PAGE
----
Central bank Governor Haruhiko Kuroda says one sign of Japan’s recovery under Abenomics is that a gap between the nation’s actual and potential growth rates has come close to “zero.” A government gauge gives a less optimistic picture.
The CHART OF THE DAY compares indexes of how much the economy is picking up, one from the Bank of Japan and the other from the Cabinet Office. They both depict the so-called output gap, the difference between actual growth and the estimated level where an economy is neither under-performing nor starting to overheat.
While the BOJ’s measure showed that the economy approached that level at year’s end, the government index indicated a bigger shortfall. Kuroda last week cited the narrowing output gap as one of the reasons that he’s confident in the outlook for wage and price gains after about 15 years of deflation.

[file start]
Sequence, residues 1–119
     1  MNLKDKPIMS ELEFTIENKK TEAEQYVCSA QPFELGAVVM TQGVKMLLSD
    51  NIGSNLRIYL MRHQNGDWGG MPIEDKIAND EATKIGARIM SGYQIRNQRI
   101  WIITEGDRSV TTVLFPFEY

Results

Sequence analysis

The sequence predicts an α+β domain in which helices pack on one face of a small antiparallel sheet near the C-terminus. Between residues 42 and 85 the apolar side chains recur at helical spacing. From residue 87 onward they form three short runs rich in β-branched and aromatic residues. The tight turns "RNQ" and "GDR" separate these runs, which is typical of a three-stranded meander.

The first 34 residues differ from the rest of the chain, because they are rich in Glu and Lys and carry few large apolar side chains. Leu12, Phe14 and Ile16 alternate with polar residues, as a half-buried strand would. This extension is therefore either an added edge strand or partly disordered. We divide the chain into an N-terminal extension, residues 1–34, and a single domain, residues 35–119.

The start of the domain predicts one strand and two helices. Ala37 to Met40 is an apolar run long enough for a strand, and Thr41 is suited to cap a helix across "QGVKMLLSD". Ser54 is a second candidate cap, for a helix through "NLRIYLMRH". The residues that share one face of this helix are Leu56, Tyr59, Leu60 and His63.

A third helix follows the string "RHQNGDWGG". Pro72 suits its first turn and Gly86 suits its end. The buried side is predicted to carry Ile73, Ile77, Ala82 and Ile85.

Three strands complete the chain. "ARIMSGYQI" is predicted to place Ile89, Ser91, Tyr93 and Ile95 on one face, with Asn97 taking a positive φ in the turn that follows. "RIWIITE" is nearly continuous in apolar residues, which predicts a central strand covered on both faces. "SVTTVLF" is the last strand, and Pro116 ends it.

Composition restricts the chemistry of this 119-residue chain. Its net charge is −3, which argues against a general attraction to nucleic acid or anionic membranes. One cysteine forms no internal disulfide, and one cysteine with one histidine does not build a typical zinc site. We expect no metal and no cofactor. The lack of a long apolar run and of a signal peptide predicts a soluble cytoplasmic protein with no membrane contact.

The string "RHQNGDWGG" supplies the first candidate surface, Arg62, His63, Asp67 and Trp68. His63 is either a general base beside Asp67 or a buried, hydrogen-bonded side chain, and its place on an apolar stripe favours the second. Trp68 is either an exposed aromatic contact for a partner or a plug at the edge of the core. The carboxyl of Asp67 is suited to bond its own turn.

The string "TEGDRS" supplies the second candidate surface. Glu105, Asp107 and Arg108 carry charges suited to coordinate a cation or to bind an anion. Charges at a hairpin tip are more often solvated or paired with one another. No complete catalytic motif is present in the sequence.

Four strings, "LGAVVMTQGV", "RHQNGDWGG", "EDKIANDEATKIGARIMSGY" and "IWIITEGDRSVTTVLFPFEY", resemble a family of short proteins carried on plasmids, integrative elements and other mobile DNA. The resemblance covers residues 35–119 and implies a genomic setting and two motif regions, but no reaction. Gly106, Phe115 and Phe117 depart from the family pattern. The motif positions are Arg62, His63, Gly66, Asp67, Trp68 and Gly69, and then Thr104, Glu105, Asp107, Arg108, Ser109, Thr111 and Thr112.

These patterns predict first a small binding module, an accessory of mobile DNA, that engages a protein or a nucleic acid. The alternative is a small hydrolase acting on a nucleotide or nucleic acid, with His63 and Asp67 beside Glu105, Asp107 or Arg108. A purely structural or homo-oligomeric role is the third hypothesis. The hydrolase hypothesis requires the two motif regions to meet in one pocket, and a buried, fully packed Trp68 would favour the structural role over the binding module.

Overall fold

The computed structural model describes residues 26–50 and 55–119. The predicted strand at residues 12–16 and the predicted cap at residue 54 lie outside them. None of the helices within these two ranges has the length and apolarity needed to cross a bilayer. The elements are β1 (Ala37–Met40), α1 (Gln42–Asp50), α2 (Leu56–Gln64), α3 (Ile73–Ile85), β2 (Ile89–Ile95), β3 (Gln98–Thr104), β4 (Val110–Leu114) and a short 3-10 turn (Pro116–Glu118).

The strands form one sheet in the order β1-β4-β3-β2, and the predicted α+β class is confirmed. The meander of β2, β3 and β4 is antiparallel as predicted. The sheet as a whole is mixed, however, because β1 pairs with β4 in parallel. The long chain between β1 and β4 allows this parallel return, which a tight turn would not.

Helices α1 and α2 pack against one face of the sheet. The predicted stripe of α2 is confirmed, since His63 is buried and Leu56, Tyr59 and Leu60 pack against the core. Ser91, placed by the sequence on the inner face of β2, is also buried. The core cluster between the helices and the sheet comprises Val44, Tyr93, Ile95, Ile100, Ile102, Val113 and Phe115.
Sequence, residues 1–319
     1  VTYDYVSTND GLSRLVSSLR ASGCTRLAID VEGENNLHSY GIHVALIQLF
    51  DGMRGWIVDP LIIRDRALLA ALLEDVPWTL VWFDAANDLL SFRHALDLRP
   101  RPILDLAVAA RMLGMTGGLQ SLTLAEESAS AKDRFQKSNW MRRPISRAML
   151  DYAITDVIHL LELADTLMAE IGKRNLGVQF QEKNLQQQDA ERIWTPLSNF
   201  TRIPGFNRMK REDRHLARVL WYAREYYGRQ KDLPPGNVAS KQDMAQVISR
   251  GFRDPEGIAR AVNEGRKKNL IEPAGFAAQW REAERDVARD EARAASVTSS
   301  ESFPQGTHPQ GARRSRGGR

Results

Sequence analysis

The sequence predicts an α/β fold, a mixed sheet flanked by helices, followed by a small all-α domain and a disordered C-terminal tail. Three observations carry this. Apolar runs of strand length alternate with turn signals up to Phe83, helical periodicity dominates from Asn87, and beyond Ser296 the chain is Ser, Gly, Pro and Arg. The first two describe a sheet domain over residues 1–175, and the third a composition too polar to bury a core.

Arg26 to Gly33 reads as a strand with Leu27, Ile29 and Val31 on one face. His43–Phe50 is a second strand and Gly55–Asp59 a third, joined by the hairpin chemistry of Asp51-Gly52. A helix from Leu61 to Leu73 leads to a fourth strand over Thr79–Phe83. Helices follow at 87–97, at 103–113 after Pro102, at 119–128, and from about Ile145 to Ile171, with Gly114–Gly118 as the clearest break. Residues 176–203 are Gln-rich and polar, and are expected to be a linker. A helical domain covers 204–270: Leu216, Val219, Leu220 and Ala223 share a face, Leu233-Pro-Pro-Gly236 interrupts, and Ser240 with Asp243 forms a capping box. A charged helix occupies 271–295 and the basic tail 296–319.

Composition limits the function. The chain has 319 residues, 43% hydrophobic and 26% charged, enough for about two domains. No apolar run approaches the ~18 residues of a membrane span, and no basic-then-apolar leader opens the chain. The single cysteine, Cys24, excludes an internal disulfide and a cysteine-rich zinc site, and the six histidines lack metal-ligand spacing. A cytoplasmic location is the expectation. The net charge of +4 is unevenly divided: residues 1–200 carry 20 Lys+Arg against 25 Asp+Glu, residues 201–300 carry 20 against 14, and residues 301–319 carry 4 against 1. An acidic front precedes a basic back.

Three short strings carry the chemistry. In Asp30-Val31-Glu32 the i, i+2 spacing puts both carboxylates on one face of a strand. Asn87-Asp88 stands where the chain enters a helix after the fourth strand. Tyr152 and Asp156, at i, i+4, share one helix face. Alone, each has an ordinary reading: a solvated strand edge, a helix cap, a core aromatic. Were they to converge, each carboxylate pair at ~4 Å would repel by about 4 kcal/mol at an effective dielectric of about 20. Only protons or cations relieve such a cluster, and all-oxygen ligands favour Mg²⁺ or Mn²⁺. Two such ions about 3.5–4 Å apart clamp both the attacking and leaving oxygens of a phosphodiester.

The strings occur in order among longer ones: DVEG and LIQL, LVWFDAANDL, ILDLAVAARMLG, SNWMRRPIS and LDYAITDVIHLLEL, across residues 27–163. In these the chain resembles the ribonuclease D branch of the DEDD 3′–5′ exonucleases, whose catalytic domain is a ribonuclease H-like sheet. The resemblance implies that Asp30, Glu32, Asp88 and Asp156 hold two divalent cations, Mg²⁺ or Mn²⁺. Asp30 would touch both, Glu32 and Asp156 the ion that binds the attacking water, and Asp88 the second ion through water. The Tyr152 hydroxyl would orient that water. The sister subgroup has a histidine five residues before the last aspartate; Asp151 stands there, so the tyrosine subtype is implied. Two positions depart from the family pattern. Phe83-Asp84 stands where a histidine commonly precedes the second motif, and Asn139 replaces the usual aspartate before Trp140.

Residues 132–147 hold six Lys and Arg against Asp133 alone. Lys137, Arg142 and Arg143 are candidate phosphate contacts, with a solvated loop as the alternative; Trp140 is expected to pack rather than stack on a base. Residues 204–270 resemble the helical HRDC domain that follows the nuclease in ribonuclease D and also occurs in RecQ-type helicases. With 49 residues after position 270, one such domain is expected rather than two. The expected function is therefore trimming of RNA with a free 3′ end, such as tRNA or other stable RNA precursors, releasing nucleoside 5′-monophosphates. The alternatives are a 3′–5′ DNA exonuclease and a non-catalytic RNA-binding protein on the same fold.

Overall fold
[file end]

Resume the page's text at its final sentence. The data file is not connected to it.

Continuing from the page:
“Kuroda appears to be too optimistic,” said Naoki Iizuka, an economist at Citigroup Inc. in Tokyo. “It’s extremely questionable if this output-gap data is pointing to solid inflation and wage growth,” said Iizuka, adding that the central bank is likely to add to its already unprecedented easing in June or July.
The two gauges have different methodologies, with the BOJ’s measure including data on the labor market and capital utilization. Iizuka said the output gap is always difficult to accurately estimate.